Post-punk had its own intense culture of connoisseurship, in which prestige accrued to the most rigorous critics of guitar textures, time signatures, and just about everything else inside and outside the scene. Disdaining what so manifestly sucked—the pop hits of the day, Reagan, the insipid culture of preppydom—was the ticket to entry, but the barrier was low enough that any disaffected teenager could scale it. Clout belonged to those with the encyclopedic record collections and the nerve to venture more-discriminating judgments and to defend them against withering reproach. Was Bad Brains’ comeback album lame or great? Had the Replacements sold out when they turned melodic? Like the locavores of today, aficionados were committed to incorruptibility, to keeping the music select and refined: small-batch artisanal production. Indie had its tastemakers, such as the Chicago musician and producer Steve Albini of Big Black and Rapeman, whose trademark rigidity would have done Lenin proud. Fine echoes the attitude. “I still couldn’t bully anyone physically, but I could bully everyone aesthetically,” he writes. Your band sucks, in other words.

Unless you experienced the scene, you’re likely to find the puritanical spirit of it strange. Between the desperados of early hardcore who drank too much and the grunge musicians haunted by heroin, Fine evokes the oddly innocent, untattooed early indie world I knew. The high-minded straight-edge movement (no drinking, no drugs, no casual sex), which took off in Washington, D.C., with the band Minor Threat, gave the scene some of its flavor. The essentially nerdy characteristics of its participants took care of the rest. Although I marvel now that my parents let me head off at the age of 17 with a post-hardcore rock band, the fact is that the trip was less risqué than the average Eurail-Pass Grand Tour of the late 1960s.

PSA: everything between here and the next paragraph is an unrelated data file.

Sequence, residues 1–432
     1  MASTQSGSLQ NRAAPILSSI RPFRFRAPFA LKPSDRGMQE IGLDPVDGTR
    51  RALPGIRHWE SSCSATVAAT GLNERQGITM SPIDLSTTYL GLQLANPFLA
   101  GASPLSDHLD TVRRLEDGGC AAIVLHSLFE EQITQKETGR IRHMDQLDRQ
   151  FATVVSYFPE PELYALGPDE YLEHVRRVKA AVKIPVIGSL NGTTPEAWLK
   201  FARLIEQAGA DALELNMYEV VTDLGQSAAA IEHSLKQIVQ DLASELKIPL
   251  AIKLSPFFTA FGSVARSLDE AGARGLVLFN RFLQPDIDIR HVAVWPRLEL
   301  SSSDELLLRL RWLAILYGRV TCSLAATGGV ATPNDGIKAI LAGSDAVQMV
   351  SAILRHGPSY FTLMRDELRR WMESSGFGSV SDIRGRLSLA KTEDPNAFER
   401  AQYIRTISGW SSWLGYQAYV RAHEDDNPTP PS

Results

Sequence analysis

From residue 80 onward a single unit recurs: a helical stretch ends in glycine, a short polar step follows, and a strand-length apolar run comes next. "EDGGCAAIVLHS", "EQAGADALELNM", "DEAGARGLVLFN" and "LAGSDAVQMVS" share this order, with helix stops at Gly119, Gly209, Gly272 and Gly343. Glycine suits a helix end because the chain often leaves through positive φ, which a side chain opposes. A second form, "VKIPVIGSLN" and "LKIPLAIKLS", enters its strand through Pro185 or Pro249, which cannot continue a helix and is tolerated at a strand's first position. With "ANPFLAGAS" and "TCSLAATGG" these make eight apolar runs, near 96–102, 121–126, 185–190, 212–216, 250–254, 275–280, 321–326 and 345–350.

The druggy drummer who toured with Fine’s band complained to a friend that it “felt like being among scientists.” Sex was mostly beside the point; Fine admits that he can count his band-related conquests on one hand “and still have fingers left over.” The name Bitch Magnet was wishful thinking: Fine estimates that 90 percent of the band’s fans were male. The joke was that if you wanted to have sex, your best shot was a gig in a town where an ex-girlfriend lived. Married and monogamous, Kim Gordon was a very fitting post-punk sex goddess.

What mattered was not girls but friendship among boys, and Fine astutely explores these sympathies. Finding your band soul mate was like falling in love—“our equivalent of a shared orgasm.” Band breakups were every bit as agonizing as a dashed romance, and certainly more scarring. Courting an ex-bandmate to join a reunion tour, in Fine’s analogy, was equivalent to “heavy petting” and “talking dirty.” Fine glosses over the jeering about faggots that pervaded these homosocial settings, but browse through the ’zines, now digitized and online, if you want to see the slow uptake of post-Stonewall consciousness. More evident is the casual misogyny, not so much a reflection of deep-seated attitudes toward women as a product of awkward immaturity and a desire to offend. “We would just make posters that said, toxic shock: fuck you, and draw a picture of a woman pulling a tampon out of her pussy, and plaster them all over campus,” explains David Yow, who played in the band Toxic Shock in Austin in the early 1980s.